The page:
Early Intervention With Epoetin Prevents Anemia in NSCLC Patients

November 1, 2003
Roy S. Herbst, MD, PhD

Oncology NEWS International, Oncology NEWS International Vol 12 No 11, Volume 12, Issue 11

This special “annual highlights” supplement to Oncology News International is acompilation of major advances in the management of lung cancer during 2003, asreported in ONI. Guest editor Dr. Roy Herbst comments on the reports includedherein and discusses advances in the clinical management of lung cancer, with afocus on developments in targeted therapy, new combinations, adjuvant therapy,induction therapy, and what to watch for in 2004.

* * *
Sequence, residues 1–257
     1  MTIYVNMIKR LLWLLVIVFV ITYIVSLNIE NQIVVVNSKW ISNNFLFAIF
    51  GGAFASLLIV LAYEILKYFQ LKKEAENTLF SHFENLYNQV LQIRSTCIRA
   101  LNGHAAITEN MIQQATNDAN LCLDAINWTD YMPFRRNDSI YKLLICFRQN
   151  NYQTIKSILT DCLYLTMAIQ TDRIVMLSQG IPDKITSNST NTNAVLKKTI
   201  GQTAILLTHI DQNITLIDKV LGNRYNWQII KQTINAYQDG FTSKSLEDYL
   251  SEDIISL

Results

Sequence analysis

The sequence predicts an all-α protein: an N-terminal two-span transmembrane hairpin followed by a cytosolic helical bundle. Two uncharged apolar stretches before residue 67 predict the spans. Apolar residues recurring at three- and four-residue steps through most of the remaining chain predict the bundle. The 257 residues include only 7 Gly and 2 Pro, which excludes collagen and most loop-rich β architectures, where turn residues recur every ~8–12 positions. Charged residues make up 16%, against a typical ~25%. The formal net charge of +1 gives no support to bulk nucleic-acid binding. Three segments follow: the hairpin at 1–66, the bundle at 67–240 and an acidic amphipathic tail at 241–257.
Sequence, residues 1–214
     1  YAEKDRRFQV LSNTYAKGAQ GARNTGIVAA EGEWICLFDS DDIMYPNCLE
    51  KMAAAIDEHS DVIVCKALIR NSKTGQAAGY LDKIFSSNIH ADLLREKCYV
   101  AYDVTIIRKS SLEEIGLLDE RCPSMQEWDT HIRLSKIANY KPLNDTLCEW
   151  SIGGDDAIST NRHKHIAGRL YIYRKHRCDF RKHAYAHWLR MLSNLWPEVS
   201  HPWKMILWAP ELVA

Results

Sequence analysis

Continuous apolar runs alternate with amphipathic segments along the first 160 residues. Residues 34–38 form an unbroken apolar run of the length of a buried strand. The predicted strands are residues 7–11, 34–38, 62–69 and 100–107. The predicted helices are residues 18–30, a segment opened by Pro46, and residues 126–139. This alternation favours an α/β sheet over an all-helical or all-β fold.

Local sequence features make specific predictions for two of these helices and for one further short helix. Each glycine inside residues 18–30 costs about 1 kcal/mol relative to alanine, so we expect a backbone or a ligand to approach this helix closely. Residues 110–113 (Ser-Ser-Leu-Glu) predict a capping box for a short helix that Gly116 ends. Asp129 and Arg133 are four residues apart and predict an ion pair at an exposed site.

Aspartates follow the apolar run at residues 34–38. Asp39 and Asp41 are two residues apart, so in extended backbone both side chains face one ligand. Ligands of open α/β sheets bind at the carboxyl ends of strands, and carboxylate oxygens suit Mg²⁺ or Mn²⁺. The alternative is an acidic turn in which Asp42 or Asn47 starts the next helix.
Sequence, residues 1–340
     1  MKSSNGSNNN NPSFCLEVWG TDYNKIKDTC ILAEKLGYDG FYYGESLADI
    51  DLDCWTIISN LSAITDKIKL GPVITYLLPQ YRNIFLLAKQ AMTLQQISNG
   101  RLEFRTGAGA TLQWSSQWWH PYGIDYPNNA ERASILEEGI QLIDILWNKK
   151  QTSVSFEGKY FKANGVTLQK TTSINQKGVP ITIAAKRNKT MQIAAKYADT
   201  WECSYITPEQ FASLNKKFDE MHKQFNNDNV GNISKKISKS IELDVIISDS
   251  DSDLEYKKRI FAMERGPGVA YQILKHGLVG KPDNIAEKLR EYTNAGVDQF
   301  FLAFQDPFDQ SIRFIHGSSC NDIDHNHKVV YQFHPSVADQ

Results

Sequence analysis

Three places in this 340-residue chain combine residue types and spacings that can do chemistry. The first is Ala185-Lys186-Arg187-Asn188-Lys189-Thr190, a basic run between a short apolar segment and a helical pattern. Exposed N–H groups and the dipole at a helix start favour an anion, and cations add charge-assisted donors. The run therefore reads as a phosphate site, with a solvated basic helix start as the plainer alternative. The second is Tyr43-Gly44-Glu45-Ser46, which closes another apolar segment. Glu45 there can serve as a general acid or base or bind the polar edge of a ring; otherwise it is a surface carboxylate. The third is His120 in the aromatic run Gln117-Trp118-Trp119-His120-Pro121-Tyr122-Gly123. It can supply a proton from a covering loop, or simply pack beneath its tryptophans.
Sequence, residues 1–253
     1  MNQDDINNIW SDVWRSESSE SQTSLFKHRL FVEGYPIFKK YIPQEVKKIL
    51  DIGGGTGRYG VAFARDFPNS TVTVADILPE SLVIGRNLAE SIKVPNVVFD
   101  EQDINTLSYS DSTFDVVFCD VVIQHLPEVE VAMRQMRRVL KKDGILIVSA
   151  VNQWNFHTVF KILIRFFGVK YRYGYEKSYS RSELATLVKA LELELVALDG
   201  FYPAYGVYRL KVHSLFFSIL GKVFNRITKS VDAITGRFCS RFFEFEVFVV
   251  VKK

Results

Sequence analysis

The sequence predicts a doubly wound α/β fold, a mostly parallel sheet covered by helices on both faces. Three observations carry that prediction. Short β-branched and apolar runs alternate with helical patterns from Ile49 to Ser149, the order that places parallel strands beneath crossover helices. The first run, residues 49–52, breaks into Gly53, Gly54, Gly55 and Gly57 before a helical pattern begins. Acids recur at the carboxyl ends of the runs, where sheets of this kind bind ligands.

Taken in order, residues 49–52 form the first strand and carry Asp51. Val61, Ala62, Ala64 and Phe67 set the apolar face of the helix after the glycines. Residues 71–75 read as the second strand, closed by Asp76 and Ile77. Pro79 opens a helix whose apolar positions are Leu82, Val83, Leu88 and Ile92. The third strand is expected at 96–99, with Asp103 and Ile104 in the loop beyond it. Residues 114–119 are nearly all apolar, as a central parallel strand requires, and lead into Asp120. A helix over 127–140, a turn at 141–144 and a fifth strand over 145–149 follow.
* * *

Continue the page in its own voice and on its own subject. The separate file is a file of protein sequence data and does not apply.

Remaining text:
VANCOUVER, Canada-Recombinant human erythropoietin(epoetin alfa, Epogen, Procrit) administeredto patients with non-small-celllung cancer (NSCLC) who are undergoingchemotherapy has been foundto significantly reduce the incidence ofanemia, compared with best supportivecare, and to improve quality of life.Robert Milroy, MD, of Stobhill GeneralHospital, Glasgow, United Kingdom,presented the study findings atthe 10th World Conference on LungCancer (abstract O-253)."The biggest reduction in quality oflife occurs when Hb drops from 12 to11 g/dL," Dr. Milroy said. "We wantedto see if it is possible to prevent anemiain patients by early intervention withepoetin alfa [to possibly] improve qualityof life and even survival."The international, phase III studyrandomized 380 patients with stageIIIb (48%) or stage IV (51%) (1%unspecified) NSCLC who were receivingcisplatin (Platinol)-based or carboplatin(Paraplatin)-based chemotherapy.Eligibility criteria includedhemoglobin of 15 g/dL or less for menand 14 g/dL or less for women.Patients were randomized on a 1:1basis to receive 10,000 IU epoetin alfasubcutaneously three times weekly orbest supportive care, which includedchemotherapy. Treatment with epoetinalfa was initiated when hemoglobindropped below 13 g/dL in men andbelow 12 g/dL in women.Patients whose hemoglobin levelswere at 13 g/dL (men) and 12 g/dL(women) at study entry (the immediatetreatment group) received epoetinalfa immediately. Other patients startedchemotherapy and began epoetinalfa when their hemoglobin droppedbelow the trigger points (the delayedtreatment group).Epoetin alfa was administered forup to 4 weeks following the last cycle ofchemotherapy. The study duration was28 weeks. The mean hemoglobin levelat study baseline was 12.7 g/dL (range7.7 to 15.3 g/dL). Quality of life wasassessed with the FACT-An (FunctionalAssessment of Cancer Therapy-Anemia) subscale.Study ResultsResults show that overall, 8.9% ofpatients treated with epoetin alfa requiredblood transfusions, comparedwith 24.3% of those receiving best supportivecare (P < .0001). This representsa transfusion reduction of morethan 50%.There was also a significant differencebetween the active treatment andbest-supportive-care groups with respectto stabilized hemoglobin. In theentire study population, patients treatedwith epoetin alfa had stabilized hemoglobinat greater than 12.5 g/dLthroughout the study period, whereaspatients in the best-supportive-caregroup experienced a steady decline(P < .001).A subgroup analysis of the immediateand delayed epoetin alfa treatmentgroups showed that the strategy of earlyuse did work, "particularly the earlytreatment in patients with low hemoglobinat the outset," Dr. Milroy said.Immediate epoetin alfa treatmentmaintained hemoglobin levels duringchemotherapy, despite significantlyfewer blood transfusions (P < .001),he said.Data on the delayed-treatmentgroup showed a fall in hemoglobininitially, followed by stabilization. "Thepoint is that in the treated patients,epoetin alfa was able to maintain hemoglobinof between 12.5 and 12.7g/dL. In the best-supportive-care controlarm, the patients became significantlyanemic," Dr. Milroy said. "Thestrategy to prevent anemia worked."Quality of LifeImmediate epoetin alfa intervention,but not delayed treatment, reducedthe decline in quality of life."This may be because the delayedgroup had started with normal hemoglobinand then drifted down by overa gram before they could start epoetinalfa," Dr. Milroy said.The most striking survival finding,he said, was that the patients in theimmediate- treatment group, who wereanemic at the study outset, had muchworse survival regardless of epoetinalfa treatment, compared with patientsin the delayed treatment group. Theresults show a highly statistically significantdifference between the immediateand delayed treatment groups'survival of 24.8% and 48.1%, respectively(P < .0001)."We all know hemoglobin is an individualprognostic factor, but this is astriking change," Dr. Milroy said. "Wedidn't see any benefits from epoetinalfa either in the immediate or thedelayed arms in terms of survival benefits.We were disappointed by that."However, the data showed a 20% improvementin overall survival amongpatients with baseline hemoglobin of13 g/dL or more (male) and 12 g/dL ormore (female), compared with patientswho had lower baseline hemoglobin."The strategy works; epoetin alfawas able to keep patients' hemoglobinlevels up and prevent anemia, and thatwas consistent for both the immediateand delayed treatment groups," Dr.Milroy said.